Nearly 40 years ago, then NYIT President Alex Schure was interested in making a computer-generated feature length movie, and wanted to use computers to do it. In 1974, he established the Computer Graphics Laboratory at New York Institute of Technology’s Old Westbury campus. It was the most sophisticated studio of its time, and housed state-of-the-art computers and top-end analogue devices for creating special effects. The lab attracted both technology experts and artists. Top talent included Lance Williams, Fred Parke, Garland Stern, Ralph Guggenheim, Ed Emshwiller, Alvy Ray Smith and Ed Catmull—all giants today in the history of animation and many are still leaders in the industry.
The staff at NYIT were very prolific in the design of influential software and filed many patents during the period from 1975 to 1979, including the animation program Tween, the paint program Paint, the animation program SoftCel, and others. They also contributed to image techniques involving fractals, morphing, image compositing, texture mapping--the famous Mip-Map approach--and many others. The Paint program was sold to Ampex and became the main components of the Ampex AVA system, used by artist LeRoy Niemann to do interactive painting during Super Bowl 78. The scan and paint system eventually became the CAPS system used at Disney.
A great deal of effort at NYIT went into the development of the film, "The Works," which was written by Lance Williams. Although it was never completed, sequences from the work in progress still stand as some of the most astounding animated imagery of the time. The quality of the imagery, along with the other animation and graphics work being done at NYIT, attracted the attention of George Lucas, who was interested in developing a special effects facility at his company, Lucasfilm. He recruited the top talent from NYIT, including Catmull, Smith, and Guggenheim to start his division, which eventually spun off as Pixar.
They worked in what is now an administration building at NYIT's Old Westbury campus.Two-time Academy Award winner and co-founder of Pixar Alvy Ray Smith added the notation to the building: “The group now known as Pixar began in this building in 1974-1975.”
Globalism of Film
Today, the collaborative, cross-cultural, trans-national aspects of the film industry cannot be ignored.
While the U.S. film industry is the world’s oldest and still the largest in terms of revenue, India is the largest producer of films in the world in terms of ticket sales and number of films produced.
Commercially, the Chinese film industry has been growing rapidly, with box office revenues jumping more than 25% annually over the past decade.
175 kilometers away from here, the city of Wuxi is home to China’s first large-scale film and television studio and first designated digital film industrial park. The studio and new postproduction facility provide the Chinese film community with state-of –the art creative and technological services that allow them to complete aspects of filmmaking from previsualization to a final digital intermediate.
In February, Vice President Xi Jinping visited the United States and laid the grounds for increased collaboration in film production between China and global co-producers. Around the same time, IMAX signed a multi-theatre deal in China … aiming to more than double the IMAX network here over the next couple of years. Conventional screens have already been on track to double by 2015.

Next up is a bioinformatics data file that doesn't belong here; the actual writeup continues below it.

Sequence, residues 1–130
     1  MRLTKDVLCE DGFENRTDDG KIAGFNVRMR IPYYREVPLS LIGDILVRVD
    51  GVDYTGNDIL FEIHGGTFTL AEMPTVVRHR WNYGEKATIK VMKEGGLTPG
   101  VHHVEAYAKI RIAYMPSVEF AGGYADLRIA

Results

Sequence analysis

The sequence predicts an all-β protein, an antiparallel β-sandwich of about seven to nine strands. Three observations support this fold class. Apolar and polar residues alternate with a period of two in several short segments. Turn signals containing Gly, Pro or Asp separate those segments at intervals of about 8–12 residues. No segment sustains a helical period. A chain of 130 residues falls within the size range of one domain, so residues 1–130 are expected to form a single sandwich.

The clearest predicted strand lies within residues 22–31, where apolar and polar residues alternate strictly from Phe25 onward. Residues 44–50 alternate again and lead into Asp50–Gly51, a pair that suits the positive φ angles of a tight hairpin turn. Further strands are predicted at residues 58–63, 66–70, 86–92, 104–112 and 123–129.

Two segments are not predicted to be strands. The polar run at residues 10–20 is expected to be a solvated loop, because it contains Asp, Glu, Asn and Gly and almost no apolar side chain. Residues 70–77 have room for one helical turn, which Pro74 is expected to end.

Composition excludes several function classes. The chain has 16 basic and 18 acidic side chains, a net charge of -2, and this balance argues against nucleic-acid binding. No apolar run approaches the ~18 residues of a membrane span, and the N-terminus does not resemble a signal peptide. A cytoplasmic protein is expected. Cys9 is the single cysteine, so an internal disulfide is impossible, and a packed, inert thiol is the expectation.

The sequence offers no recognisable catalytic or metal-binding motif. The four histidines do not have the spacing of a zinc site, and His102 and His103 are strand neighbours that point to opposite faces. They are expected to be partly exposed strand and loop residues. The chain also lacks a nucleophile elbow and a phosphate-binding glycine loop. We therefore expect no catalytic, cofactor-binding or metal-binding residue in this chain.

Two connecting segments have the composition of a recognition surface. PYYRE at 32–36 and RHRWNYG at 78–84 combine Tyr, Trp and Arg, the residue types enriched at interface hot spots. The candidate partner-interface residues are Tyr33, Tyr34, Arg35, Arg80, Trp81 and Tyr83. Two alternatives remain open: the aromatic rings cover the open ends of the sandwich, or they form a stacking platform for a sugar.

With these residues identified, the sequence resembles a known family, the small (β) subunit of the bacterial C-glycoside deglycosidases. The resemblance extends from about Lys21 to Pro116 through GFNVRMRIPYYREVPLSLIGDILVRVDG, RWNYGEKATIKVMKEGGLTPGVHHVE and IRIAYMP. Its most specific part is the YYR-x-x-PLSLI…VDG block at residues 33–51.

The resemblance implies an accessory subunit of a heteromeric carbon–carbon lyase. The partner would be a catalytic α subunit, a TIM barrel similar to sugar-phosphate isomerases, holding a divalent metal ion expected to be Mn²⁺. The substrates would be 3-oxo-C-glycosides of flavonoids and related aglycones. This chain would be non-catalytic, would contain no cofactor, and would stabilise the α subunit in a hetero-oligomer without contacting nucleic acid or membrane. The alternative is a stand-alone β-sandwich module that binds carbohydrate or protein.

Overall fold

In terms of global co-productions, this is evidence that the rest of the world is eager to collaborate with Chinese filmmakers and that audiences wish to experience China’s rich history in film and culture. This is an exciting time in the growth of the Chinese film industry. As you know, the Walt Disney Company just announced a major investment and partnership in producing animated films in China.
We are at the stage where art can move beyond metaphor. It no longer has to replicate reality, it IS reality. We live within a globalized, postmodern world that creates art for audiences who mirror it back to the artists through popular cultures and subcultures. We have harnessed technology … first to mimic reality within the limitations of the art, then to replicate it. We have been chasing realism within the limitations of technology. Now, we have the ability to take it a step further … to address a hyper-reality that combines the sophisticated technologies that create a computer-generated avatar with the creative sensibilities that give that avatar emotional resonance.
And speaking of Avatars and 3D, here is a photograph of the most sophisticated and advanced film projection space in New York, the site where many films premiere. It is the NYIT Auditorium on Broadway, with its high-definition 3-D projection and Dolby 7.1 Surround Sound, multiple texture screens, video conferencing, and broadcast capabilities that currently make it the most technologically advanced, state-of-the-art movie venue in Manhattan.
I close by observing that the first Academy Awards presentation took place 83 years ago in a room much like this, with just 250 people in attendance. Now it has become a global media broadcast viewed by some 40 billion people. Tonight in this space, we will hold our own awards ceremony, which we hope will continue for another 83 years and will by then have showcased the early work of many Academy Award winners.